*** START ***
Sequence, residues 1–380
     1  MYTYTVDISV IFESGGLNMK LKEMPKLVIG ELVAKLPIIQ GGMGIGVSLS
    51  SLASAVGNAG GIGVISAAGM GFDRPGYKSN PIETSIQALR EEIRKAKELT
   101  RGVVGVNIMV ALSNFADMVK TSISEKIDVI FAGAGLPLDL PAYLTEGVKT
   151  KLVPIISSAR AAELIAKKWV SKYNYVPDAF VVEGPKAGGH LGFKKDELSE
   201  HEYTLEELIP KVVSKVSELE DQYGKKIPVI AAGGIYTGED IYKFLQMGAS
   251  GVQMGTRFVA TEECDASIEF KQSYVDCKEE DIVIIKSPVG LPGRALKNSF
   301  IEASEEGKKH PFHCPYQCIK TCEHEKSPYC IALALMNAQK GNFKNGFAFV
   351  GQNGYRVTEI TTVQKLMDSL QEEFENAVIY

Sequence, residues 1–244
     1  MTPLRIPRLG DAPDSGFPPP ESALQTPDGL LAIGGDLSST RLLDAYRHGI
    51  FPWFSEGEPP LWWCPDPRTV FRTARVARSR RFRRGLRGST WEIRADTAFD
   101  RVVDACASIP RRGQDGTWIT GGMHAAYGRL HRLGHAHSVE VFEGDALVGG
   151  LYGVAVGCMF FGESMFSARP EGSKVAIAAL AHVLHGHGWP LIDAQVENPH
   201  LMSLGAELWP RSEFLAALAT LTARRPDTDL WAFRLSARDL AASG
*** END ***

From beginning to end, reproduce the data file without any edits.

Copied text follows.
Sequence, residues 1–380
     1  MYTYTVDISV IFESGGLNMK LKEMPKLVIG ELVAKLPIIQ GGMGIGVSLS
    51  SLASAVGNAG GIGVISAAGM GFDRPGYKSN PIETSIQALR EEIRKAKELT
   101  RGVVGVNIMV ALSNFADMVK TSISEKIDVI FAGAGLPLDL PAYLTEGVKT
   151  KLVPIISSAR AAELIAKKWV SKYNYVPDAF VVEGPKAGGH LGFKKDELSE
   201  HEYTLEELIP KVVSKVSELE DQYGKKIPVI AAGGIYTGED IYKFLQMGAS
   251  GVQMGTRFVA TEECDASIEF KQSYVDCKEE DIVIIKSPVG LPGRALKNSF
   301  IEASEEGKKH PFHCPYQCIK TCEHEKSPYC IALALMNAQK GNFKNGFAFV
   351  GQNGYRVTEI TTVQKLMDSL QEEFENAVIY

Sequence, residues 1–244
     1  MTPLRIPRLG DAPDSGFPPP ESALQTPDGL LAIGGDLSST RLLDAYRHGI
    51  FPWFSEGEPP LWWCPDPRTV FRTARVARSR RFRRGLRGST WEIRADTAFD
   101  RVVDACASIP RRGQDGTWIT GGMHAAYGRL HRLGHAHSVE VFEGDALVGG
   151  LYGVAVGCMF FGESMFSARP EGSKVAIAAL AHVLHGHGWP LIDAQVENPH
   201  LMSLGAELWP RSEFLAALAT LTARRPDTDL WAFRLSARDL AASG